Driving to Russia is nothing short of bizarre. First I wait for two hours to cross the border, which is completed without too much difficulty - just a lot of waiting. After the border, I am instructed to drive for 20km without stopping. If you stop, the military are on you immediately. So I go; after 20km, I come up to a checkpoint where they are expecting me (there's hardly any traffic on the road). A man unlocks a heavy steel gate and raises a barrier, and I'm out - but not free yet. No photos are allowed to be taken before the first passport check. A shame; the nickel plant at Nikel is an amazing sight, belching smoke into the air. I'm not inclined to try my chances; there are watchtowers everywhere, and as I pass, uniformed men watch on warily.
When I reach the passport check, a young soldier salutes me. I'm not sure what to do so I half-heartedly salute back. He checks my papers and has me step out of the car, opening the trunk and checking the glove compartment. He clears me, and I'm off.
The road has already been pretty bad; some huge unexpected bangs through the car. From this point it gets worse. I follow a sign for Murmansk- the only word I recognize in Cyrillic. After 40km the road disappears; just work trucks, diggers and cranes sat on a dirt road. Three or four workers mill around. I can't believe they'd completed as much as they had, looking so beat down and short staffed. But, the sign said Murmansk, so I continue. My phone loses signal, and I'm the only car on the road.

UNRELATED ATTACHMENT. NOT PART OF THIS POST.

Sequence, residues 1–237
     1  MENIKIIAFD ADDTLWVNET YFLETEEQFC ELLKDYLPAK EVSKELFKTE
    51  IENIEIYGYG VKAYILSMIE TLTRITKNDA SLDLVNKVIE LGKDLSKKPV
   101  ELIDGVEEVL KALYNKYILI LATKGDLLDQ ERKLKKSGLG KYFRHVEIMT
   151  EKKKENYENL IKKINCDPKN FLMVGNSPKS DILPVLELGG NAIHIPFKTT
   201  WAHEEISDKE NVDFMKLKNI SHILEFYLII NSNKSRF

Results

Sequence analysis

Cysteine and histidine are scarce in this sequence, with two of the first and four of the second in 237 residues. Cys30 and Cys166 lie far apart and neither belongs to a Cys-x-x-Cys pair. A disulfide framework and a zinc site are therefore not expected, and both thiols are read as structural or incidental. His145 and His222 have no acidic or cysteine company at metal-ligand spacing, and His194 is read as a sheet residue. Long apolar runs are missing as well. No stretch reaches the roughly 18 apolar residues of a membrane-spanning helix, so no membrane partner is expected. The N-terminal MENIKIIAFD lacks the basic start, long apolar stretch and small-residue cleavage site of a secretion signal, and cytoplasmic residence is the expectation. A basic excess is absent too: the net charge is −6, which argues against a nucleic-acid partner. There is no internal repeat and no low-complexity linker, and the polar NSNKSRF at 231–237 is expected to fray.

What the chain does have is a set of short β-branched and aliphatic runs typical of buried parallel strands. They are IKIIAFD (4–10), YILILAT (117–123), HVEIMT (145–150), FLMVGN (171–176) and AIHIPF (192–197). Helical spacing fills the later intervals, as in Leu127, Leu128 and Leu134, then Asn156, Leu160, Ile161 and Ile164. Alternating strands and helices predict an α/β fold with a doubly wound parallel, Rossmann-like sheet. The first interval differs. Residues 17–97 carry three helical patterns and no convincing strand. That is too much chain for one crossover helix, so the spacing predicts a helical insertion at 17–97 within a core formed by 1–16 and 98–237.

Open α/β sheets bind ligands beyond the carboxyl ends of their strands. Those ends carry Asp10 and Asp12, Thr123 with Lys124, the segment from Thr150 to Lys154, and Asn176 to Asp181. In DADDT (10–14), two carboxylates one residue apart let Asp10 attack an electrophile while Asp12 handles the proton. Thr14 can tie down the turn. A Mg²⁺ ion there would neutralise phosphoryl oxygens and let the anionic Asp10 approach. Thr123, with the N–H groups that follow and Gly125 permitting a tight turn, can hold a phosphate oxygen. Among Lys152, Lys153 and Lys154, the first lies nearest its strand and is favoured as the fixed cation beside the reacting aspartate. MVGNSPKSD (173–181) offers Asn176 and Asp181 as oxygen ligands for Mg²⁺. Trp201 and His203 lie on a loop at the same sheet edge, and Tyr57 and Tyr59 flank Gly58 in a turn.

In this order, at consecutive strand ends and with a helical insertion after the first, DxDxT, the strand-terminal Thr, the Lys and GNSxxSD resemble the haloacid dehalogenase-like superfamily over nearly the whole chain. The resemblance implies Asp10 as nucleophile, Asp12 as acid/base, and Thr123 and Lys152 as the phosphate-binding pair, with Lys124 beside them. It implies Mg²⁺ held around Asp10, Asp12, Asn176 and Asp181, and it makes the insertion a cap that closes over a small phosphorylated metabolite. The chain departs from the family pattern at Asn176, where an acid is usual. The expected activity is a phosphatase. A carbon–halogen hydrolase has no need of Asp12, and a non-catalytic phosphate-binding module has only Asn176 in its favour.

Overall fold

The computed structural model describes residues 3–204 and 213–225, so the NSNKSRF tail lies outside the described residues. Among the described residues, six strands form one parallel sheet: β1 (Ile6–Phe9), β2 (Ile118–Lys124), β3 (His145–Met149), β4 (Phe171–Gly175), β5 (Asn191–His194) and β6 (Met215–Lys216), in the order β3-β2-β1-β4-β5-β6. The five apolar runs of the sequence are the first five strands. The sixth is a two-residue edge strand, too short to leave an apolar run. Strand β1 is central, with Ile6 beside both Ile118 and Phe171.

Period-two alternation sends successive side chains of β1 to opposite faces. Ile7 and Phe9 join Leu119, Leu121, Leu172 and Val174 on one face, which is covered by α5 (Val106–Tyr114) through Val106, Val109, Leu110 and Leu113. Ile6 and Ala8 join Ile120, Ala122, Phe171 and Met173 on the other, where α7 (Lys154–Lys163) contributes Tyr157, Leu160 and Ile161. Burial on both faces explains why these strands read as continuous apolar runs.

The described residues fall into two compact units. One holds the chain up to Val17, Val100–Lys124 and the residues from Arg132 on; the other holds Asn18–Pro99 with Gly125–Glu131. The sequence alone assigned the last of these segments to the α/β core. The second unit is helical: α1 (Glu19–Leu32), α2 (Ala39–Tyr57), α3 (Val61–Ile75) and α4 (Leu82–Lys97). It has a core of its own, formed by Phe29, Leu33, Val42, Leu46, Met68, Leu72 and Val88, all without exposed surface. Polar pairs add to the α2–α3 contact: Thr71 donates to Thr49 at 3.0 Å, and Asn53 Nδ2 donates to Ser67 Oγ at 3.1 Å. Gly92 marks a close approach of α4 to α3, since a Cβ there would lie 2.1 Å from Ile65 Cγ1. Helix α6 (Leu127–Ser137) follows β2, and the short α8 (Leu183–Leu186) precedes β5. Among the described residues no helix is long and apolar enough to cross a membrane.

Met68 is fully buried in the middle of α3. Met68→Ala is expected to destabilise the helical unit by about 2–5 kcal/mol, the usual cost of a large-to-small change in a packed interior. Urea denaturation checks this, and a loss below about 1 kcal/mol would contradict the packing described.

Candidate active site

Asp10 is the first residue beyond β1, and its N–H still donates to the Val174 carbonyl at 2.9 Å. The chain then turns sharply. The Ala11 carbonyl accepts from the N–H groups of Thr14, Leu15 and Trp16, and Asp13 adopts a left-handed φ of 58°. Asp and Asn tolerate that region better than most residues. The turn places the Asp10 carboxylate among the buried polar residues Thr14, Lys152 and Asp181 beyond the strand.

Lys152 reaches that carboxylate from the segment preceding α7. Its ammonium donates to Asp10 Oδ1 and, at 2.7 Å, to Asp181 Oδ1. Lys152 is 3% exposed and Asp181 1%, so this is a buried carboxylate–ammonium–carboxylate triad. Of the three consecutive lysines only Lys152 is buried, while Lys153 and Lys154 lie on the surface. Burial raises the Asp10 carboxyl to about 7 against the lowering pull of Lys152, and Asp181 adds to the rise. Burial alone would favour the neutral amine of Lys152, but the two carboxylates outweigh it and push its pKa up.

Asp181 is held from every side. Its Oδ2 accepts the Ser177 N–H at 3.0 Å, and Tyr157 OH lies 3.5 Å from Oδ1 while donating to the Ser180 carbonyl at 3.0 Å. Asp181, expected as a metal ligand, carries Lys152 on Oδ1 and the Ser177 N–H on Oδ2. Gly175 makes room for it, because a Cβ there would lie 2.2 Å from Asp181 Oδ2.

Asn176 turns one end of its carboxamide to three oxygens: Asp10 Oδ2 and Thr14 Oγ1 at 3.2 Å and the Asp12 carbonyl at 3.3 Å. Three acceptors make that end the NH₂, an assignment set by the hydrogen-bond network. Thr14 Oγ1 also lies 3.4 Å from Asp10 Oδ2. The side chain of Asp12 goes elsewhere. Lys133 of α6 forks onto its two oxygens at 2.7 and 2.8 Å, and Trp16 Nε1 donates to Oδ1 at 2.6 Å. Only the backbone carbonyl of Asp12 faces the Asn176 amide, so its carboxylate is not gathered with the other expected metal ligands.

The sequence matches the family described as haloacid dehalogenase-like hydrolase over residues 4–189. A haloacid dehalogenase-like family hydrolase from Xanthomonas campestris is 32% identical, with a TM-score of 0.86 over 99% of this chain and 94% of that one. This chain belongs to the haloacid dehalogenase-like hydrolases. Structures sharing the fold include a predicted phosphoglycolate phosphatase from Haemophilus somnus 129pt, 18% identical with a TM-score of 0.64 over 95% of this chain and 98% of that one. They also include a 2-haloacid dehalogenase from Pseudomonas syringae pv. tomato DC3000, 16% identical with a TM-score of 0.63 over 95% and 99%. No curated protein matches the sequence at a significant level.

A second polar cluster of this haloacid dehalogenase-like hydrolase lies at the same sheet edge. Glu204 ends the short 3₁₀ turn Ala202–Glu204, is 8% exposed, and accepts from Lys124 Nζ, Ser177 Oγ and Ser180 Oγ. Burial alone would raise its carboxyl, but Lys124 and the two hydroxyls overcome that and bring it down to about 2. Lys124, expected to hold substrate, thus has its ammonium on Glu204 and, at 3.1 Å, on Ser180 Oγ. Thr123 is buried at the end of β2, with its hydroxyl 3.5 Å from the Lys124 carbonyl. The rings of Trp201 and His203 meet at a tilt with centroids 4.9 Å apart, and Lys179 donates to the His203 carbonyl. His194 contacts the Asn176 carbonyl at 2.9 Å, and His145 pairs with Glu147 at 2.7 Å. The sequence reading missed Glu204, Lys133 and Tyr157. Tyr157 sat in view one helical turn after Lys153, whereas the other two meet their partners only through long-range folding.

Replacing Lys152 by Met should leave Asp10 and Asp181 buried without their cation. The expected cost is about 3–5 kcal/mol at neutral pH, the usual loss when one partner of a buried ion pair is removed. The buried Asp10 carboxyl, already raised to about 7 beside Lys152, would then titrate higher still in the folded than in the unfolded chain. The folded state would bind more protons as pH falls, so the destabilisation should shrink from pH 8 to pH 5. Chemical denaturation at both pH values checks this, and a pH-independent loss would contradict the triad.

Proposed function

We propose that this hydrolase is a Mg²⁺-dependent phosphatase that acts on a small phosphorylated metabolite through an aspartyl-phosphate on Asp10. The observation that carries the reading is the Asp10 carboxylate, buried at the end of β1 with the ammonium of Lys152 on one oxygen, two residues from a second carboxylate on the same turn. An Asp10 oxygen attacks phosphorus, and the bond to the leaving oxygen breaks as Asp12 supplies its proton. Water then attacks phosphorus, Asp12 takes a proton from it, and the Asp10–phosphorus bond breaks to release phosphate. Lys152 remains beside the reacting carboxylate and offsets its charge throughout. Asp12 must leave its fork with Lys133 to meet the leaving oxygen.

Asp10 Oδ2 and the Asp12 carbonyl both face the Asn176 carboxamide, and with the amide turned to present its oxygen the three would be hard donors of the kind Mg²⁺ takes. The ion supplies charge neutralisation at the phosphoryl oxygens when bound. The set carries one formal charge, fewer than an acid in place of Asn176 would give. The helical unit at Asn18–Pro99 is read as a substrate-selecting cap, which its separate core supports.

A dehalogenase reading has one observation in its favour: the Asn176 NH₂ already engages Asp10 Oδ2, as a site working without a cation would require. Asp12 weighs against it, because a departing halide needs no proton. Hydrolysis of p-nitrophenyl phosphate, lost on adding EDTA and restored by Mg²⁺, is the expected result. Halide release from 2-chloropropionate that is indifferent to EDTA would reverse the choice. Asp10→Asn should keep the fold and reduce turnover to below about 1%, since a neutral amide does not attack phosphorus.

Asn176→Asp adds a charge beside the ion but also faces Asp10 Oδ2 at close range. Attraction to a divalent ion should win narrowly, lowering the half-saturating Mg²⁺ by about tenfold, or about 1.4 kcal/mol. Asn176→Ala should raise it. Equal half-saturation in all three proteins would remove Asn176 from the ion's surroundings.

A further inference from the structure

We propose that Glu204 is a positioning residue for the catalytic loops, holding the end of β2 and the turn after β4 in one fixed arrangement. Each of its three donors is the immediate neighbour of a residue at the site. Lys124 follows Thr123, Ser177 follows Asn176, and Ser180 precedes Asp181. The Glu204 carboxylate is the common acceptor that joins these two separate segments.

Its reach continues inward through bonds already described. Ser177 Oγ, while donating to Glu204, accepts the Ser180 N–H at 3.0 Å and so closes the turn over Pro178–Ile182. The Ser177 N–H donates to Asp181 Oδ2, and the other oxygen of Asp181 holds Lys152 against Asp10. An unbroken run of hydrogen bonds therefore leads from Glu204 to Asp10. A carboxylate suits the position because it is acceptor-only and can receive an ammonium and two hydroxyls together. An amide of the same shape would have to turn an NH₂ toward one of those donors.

Sometimes it becomes a pebble road; sometimes mud. Every now and then I pass a deserted car on the side of the road; there's nobody here now. At some point I pass four people standing by their car. Like everyone else i've seen, they watch me with intense curiosity. I stare back, wondering why they have stopped, but there's no communication. As I'm about 200 feet past, I look in the rearview and it looks like they're waving for me to stop. But maybe not.
After a while longer of kicking the shit out of the car, I come across someone else going the other way. I roll down the window and wave. We stop, get out. I ask if he speaks English. No. Ok... Murmansk? I point east. He nods. But he also shakes his head. For a while we try talking in short syllables; no dice. He scratches '25km' into the dirt, but I don't know what he means. Murmansk has to be at least another 180km.
So I get back in the car, a little unnerved. My phones still don't work - neither of them, AT&T and Orange - but I press on; he must have come from somewhere, and he didn't seem overly concerned.
After some time - about 25km! - the road turns back to asphalt, but it's bad. A couple of times I hit a bump large enough to bounce two wheels into the air; a little scary when you're in the middle of a fast turn with river on the outside.
More concerning is the sign I pass that reads 'murmansk 145km'. I won't make it on the gas in the tank, and my map shows no sign of civilisation until I hit the city. And I haven't seen any towns, shit, hardly a living soul, the last couple of hours. I come up behind a truck and stay with it, thinking that if I run out of gas I can flag him down and get some help.